FDA has approved Orthofix Medical’s M6-C artificial cervical disc for use in patients with intractable degenerative cervical radiculopathy, putting it in competition with rival products sold by Medtronic and Zimmer.
The device is designed to replace an intervertebral disc damaged by cervical disc degeneration and thereby enable the patient to move their spine.
Orthofix paid $45 million upfront to buy the device’s developer, Spinal Kinetics, last year in a deal that tied it to $60 million in regulatory and commercial milestones.
The implant will compete with products including Medtronic’s Prestige LP and Zimmer Biomet’s Mobi-C.
Observers have questioned whether the design of M6-C will permit a greater range of motion (ROM) than other devices, though. A comparison of the available devices published in Neurosurgical Review noted that the ROM achieved at 24 months by first-generation devices including Medtronic’s and Zimmer Biomet’s was “uniformly greater” than that seen in the M6-C feasibility trial. A separate head-to-head comparison between the Zimmer device and Orthofix's found Zimmer’s device yielded a greater range of extension.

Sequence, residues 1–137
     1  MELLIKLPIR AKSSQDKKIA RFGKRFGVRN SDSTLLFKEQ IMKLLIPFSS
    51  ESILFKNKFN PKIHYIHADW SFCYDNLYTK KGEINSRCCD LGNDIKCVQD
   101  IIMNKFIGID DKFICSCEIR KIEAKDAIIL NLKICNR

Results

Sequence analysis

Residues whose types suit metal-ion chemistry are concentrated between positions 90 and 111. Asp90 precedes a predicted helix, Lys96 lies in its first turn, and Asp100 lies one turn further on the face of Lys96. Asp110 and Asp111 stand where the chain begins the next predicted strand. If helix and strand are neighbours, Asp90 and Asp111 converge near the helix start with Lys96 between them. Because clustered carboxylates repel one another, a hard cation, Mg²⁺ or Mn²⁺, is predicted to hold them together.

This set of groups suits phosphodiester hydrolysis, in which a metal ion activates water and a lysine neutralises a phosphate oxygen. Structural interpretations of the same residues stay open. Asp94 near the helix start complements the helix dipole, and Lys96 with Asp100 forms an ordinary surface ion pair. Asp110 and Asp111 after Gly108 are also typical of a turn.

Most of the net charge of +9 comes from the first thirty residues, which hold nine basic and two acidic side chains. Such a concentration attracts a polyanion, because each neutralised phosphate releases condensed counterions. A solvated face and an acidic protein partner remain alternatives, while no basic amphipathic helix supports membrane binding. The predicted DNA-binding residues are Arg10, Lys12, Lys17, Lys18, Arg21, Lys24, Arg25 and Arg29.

Orthofix is planning a limited rollout of the device in the U.S. this year accompanied by a training and education program. The product has been cleared for use in the European Union since 2006 and surgeons have used 45,000 of the devices outside the U.S. Progress in the U.S. has been slower due to the need to run a trial, which was registered on ClinicalTrials.gov in 2012, and wait 15 months for FDA to review and approve the application.
When treating such patients, physicians can now use the device to replace damaged intervertebral discs. The device is designed to mimic the structure of natural discs and thereby provide shock absorption and “a controlled range of motion when the spine transitions in its combined complex movements.”
The devices aim to treat cervical radiculopathy, which occurs when wear and tear drives changes to the discs that make up the spine. These degenerating discs lose height, causing the vertebrae to move closer together and ultimately to the formation of bone spurs. Bone spurs can irritate nerves, resulting in pain, muscle weakness and numbness. Disc herniation can also cause the condition.
A minority of patients have intractable forms of the condition that require surgery to alleviate the symptoms.
The FDA approval clears the device for use in patients who have confirmed degenerative cervical radiculopathy by radiographic imaging and are either still suffering after six weeks of conservative treatment, or have progressive neurological symptoms that suggest they may suffer permanent impairment.